October 13, 1926 - November 19, 1999
Robert E. Bell was born and grew up in Tarrant City, Ala. He read extensively as a child and became interested in writing when he was in high school. He enrolled at Birmingham-Southern College (BSC) in 1944 but interrupted his studies to serve in the US Army. After his service was complete, Bell returned to BSC. He majored in English and worked part time at the Birmingham Public Library. In 1947, Bell's family moved to Fairhope, Ala., but he continued his studies at BSC, graduating in 1950 with a BA in English. He received a scholarship to study at Harvard University and spent a year in Cambridge, Mass., earning an AM in English in 1952. Bell worked at the Mobile Public Library from 1951 to 1955. He also continued his education, studying library science at Columbia University in the summer of 1952 and at Louisiana State University in the summer of 1953. Bell began working on a novel set in Fairhope while he was commuting from there to his job in Mobile. In 1955, Bell moved to Fort Worth, Texas, where he became the assistant director of the Fort Worth Public Library and finished his Fairhope novel. The Butterfly Tree was published in 1959 with a cover designed by artist Andy Warhol.
In 1960, Bell moved to San Francisco where he served as executive director of the Book Club of California for two years. He and a partner opened book shops in San Francisco and New Orleans in 1962. The following year, he returned to Mobile to become the head of adult services at the Mobile Public Library. In 1965, Bell moved to New Orleans where he worked for the New Orleans Public Library. A year later, he resigned and resumed his studies in library science at LSU. After earning his master's degree in 1967, Bell moved back to San Francisco and enrolled in a doctoral program at University of California Berkeley. While working on his degree, he also taught for several years at the University of South Carolina in Columbia. After finishing his PhD in 1974, Bell taught at UC Berkeley and worked as a reference librarian at the City College of San Francisco. In 1976, he became a librarian at University of California Davis. At UC Davis, Bell wrote three respected reference works on classical mythology. After his retirement in 1991, he resumed writing fiction although his novels were never published. In the mid-1990s, Bell began corresponding with Fairhope resident Mary Lois Timbes. She published some of their letters in the collection Meet Me at the Butterfly Tree in 2001, two years after Bell's death.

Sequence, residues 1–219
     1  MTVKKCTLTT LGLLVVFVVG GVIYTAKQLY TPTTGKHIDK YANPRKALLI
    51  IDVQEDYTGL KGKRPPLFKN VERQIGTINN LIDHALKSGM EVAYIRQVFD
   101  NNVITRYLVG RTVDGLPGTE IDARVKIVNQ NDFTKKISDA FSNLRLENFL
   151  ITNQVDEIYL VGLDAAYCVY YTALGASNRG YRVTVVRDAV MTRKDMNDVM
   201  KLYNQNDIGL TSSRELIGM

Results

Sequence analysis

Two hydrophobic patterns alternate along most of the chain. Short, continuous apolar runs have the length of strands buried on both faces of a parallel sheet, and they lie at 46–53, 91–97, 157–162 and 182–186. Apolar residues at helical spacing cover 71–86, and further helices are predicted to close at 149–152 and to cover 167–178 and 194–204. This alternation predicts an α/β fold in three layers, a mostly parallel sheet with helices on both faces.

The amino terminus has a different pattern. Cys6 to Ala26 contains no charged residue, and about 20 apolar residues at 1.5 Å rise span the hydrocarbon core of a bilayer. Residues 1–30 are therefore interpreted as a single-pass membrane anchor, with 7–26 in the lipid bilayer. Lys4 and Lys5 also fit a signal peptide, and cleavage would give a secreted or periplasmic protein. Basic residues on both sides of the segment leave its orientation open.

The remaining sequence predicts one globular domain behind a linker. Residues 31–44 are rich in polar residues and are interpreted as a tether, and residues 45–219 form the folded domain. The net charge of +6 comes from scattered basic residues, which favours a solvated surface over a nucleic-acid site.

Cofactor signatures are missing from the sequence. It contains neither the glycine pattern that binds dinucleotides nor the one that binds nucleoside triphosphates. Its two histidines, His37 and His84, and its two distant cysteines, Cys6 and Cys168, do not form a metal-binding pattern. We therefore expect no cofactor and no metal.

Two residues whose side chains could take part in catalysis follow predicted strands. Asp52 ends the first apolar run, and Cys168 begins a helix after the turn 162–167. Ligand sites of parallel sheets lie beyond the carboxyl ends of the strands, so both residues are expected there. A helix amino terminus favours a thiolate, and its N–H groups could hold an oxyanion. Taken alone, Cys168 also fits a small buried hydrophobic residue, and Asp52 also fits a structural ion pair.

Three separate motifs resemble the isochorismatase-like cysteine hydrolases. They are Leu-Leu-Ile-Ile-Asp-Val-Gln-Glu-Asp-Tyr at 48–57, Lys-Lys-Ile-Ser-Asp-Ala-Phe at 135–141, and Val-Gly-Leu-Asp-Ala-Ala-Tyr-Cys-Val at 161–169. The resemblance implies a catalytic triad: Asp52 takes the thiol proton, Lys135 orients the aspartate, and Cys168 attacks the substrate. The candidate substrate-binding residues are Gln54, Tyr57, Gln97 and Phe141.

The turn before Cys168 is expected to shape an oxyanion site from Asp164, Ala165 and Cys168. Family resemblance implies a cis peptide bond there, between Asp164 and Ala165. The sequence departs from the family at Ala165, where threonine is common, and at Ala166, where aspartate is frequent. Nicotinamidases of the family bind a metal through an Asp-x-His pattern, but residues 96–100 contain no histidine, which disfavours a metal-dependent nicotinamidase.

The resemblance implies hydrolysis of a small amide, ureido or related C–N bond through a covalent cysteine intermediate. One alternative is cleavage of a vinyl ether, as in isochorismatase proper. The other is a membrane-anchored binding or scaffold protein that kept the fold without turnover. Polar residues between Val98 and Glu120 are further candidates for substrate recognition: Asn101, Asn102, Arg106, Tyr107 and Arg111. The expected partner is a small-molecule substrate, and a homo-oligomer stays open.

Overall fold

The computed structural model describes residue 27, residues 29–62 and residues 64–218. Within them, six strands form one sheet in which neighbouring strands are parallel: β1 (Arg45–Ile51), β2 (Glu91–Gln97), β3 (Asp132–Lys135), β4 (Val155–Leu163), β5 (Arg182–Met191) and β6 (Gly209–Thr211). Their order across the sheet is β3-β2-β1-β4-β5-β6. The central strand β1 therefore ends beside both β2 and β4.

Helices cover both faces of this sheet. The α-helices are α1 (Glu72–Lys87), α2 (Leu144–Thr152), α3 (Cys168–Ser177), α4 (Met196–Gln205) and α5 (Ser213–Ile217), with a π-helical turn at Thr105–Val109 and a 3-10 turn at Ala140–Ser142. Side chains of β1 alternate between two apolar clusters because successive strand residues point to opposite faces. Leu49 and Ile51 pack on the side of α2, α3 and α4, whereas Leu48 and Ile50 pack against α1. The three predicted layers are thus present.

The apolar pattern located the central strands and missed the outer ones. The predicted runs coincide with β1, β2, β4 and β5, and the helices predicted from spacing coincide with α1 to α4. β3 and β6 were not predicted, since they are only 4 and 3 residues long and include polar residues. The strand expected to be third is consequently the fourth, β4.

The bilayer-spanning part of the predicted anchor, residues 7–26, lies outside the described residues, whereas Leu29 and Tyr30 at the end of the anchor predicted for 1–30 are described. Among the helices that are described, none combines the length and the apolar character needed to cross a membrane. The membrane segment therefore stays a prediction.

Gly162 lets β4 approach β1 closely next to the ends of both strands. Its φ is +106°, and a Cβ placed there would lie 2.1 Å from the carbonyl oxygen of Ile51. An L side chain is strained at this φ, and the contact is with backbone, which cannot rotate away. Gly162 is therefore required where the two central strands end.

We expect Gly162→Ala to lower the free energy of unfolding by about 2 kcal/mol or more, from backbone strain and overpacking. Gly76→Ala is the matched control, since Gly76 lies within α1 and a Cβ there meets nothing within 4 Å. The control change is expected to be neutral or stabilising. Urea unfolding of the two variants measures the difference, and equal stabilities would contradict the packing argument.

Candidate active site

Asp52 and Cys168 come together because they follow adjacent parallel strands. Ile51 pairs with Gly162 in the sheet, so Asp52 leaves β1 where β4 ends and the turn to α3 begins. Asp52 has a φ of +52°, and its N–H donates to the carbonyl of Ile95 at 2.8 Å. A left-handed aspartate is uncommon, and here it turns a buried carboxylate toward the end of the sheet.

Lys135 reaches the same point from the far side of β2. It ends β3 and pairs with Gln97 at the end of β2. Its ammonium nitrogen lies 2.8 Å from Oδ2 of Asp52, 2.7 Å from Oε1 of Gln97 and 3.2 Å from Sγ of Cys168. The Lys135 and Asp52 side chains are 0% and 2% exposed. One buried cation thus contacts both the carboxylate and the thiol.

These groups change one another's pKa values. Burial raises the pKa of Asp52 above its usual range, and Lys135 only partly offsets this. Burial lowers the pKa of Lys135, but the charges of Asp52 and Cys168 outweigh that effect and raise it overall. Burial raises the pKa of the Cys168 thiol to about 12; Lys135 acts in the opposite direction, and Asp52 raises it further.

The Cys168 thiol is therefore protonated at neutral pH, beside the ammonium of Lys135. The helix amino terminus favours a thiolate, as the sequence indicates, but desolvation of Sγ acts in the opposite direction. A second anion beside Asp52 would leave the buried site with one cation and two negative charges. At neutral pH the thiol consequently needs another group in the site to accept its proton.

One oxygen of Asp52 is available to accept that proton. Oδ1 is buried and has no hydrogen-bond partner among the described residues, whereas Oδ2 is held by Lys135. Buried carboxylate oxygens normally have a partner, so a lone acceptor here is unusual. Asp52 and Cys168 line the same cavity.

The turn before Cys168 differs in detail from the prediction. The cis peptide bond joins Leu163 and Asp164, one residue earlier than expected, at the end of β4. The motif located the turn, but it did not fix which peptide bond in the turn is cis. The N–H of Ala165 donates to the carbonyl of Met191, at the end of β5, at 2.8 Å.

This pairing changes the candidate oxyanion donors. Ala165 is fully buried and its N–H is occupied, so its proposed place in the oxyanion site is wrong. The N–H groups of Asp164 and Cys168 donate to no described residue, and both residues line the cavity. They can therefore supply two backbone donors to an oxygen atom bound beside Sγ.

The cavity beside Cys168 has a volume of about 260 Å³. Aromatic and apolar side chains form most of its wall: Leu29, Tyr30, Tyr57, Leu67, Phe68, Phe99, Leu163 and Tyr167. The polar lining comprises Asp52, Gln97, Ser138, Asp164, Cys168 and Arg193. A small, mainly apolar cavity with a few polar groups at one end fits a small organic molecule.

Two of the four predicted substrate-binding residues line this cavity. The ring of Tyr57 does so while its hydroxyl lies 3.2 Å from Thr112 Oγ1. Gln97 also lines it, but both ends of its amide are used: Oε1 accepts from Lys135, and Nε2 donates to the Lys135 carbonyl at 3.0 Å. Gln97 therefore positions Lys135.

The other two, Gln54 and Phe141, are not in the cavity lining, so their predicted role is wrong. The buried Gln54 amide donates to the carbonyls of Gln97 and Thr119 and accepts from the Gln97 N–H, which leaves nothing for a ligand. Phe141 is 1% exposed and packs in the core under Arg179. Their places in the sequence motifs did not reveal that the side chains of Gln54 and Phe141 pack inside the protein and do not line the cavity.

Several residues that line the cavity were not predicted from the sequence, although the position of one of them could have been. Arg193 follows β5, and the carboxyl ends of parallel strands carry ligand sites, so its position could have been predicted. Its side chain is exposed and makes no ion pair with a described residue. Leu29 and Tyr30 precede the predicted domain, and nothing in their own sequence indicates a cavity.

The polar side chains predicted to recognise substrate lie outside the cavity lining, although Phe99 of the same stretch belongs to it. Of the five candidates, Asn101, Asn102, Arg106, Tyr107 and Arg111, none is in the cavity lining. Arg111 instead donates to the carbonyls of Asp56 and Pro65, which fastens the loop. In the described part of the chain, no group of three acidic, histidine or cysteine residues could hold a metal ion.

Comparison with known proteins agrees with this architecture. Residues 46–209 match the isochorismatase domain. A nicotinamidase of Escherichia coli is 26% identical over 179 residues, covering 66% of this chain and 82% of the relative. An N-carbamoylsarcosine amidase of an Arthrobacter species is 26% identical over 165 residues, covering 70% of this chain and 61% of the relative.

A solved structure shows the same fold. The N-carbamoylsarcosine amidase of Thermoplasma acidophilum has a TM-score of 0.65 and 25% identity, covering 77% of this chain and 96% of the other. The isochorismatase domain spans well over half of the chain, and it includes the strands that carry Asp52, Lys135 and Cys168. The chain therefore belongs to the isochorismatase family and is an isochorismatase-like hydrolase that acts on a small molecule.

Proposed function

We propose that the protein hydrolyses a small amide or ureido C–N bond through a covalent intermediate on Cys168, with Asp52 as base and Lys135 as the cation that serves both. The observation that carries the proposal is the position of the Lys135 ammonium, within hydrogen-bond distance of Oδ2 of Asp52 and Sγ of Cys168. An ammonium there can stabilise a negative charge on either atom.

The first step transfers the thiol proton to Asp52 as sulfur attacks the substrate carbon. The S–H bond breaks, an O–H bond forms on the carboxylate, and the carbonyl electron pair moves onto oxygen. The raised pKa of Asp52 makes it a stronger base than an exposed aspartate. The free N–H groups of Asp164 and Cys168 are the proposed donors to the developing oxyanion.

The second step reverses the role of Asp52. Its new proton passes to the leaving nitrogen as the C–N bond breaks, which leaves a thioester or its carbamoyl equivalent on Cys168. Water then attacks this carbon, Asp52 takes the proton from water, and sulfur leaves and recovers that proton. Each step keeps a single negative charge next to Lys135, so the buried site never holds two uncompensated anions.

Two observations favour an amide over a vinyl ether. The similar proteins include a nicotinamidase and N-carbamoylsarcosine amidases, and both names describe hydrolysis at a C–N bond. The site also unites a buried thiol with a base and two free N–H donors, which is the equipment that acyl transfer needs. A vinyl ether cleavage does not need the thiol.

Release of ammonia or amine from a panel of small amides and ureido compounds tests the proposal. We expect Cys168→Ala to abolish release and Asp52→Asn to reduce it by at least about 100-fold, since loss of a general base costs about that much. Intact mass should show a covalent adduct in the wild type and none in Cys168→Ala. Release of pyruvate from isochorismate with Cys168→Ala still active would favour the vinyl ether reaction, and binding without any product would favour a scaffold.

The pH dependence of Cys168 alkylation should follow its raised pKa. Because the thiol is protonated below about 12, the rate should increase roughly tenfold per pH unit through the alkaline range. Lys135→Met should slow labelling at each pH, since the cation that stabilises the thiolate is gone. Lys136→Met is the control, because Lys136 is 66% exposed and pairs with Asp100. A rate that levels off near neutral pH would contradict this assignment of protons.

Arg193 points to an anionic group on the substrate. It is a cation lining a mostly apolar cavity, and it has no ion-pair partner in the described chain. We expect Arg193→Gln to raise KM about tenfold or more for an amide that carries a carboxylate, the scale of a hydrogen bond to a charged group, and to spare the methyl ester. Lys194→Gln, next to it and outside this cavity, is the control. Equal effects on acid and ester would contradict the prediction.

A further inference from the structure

Robert E. Bell's novel The Butterfly Tree is a coming-of-age story set in a fictional version of Fairhope, Ala., in the mid-Twentieth Century.
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Last updated on Oct 16, 2009.